We've been hearing a lot lately about the possibility of treating medical conditions using nanobots - tiny robots that would be injected into a patient's bloodstream, where they would proceed to travel to their targets, not unlike the microscopic submarine in the movie Fantastic Voyage ... except nanobots wouldn't be crewed by tiny shrunken-down humans. One challenge that still needs to be met, however, is figuring out a way of propelling the devices. Well, we may now be closer to a solution. Yesterday, development of a new type of nanoscale artificial muscle was announced, which works like the muscles in an elephant's trunk. These could conceivably be used in nanobots, to whip them along using a rotating flagellum - a tiny sperm-like tail, in other words.

At the heart of the artificial muscle is a strand of tough, flexible yarn made from carbon nanotubes that have been twisted together. It is immersed in liquid electrolytes. When voltage is applied, the yarn draws in electrolytes, causing it to increase in volume. This in turn causes it to untwist itself, rotating at up to 600 revolutions per minute as it does so. If the voltage is changed, the yarn then proceeds to discharge the electrolytes. In doing so, it is able to twist itself back up, rotating in the opposite direction.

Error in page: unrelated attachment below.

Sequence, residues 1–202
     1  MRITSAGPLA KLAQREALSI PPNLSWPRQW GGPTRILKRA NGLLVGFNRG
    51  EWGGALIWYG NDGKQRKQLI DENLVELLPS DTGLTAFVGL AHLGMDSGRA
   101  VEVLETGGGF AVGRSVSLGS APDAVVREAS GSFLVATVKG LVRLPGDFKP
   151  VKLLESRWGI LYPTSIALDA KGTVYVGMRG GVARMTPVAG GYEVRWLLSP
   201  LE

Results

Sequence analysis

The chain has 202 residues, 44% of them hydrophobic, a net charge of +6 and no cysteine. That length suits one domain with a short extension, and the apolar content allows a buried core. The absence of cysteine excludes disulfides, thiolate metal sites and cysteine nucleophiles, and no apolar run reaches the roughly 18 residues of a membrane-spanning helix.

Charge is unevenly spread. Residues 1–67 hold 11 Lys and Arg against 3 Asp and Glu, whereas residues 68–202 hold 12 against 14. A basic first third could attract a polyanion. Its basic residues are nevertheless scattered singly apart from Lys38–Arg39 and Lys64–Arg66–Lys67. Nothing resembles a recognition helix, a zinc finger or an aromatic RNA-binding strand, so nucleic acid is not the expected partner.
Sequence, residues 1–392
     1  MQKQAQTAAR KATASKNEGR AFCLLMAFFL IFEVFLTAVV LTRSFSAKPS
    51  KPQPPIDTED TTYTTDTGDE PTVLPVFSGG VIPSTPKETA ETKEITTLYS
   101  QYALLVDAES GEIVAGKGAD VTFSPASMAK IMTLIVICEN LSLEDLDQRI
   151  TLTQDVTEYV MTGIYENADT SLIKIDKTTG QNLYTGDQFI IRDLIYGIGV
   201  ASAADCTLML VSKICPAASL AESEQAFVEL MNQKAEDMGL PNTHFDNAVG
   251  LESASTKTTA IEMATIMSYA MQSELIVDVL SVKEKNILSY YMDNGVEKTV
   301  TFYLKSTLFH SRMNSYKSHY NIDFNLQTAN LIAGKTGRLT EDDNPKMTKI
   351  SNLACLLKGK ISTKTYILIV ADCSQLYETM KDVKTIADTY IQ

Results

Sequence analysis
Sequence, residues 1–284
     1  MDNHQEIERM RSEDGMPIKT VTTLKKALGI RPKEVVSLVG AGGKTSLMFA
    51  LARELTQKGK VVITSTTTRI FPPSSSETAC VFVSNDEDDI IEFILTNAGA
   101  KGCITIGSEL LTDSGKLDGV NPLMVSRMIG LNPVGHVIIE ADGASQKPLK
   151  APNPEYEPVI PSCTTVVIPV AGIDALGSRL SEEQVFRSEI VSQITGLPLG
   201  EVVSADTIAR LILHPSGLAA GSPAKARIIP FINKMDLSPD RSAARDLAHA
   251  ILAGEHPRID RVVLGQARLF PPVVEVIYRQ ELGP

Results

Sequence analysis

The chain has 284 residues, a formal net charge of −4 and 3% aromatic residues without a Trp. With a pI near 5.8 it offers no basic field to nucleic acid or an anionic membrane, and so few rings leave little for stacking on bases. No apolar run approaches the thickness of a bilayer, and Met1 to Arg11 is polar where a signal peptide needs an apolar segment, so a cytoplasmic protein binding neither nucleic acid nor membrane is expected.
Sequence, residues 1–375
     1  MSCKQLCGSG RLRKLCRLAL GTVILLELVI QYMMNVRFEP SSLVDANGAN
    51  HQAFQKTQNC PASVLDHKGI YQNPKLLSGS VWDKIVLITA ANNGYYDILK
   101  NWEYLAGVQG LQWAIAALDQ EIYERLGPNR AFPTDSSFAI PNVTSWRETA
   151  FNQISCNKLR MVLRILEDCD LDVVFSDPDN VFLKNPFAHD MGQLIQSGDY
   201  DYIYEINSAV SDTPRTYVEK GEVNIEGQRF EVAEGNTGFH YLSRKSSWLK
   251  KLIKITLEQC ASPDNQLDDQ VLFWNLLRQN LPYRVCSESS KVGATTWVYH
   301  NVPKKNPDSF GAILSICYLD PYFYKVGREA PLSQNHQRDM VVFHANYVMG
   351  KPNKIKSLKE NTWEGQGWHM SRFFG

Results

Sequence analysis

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In a nanobot equipped with batteries and an electrical circuit, the back-and-forth spinning of such a yarn motor attached to a flagellum could cause the tail to wiggle in circles, pushing the nanobot through its liquid environment. The yarns are reportedly simple and inexpensive to make, and can be created in a variety of lengths.

Elephant trunks and octopus tentacles work using a similar principle, in that they incorporate helically wound muscle fibers that rotate in either direction to move the appendage.

The artificial muscles were developed through a collaboration between Australia's University of Wollongong, The University of Texas at Dallas, The University of British Columbia, and Hanyang University in Korea. A paper on the research was published yesterday in the journal Science.

The video below illustrates how one of the artificial muscles could work in a nanobot.

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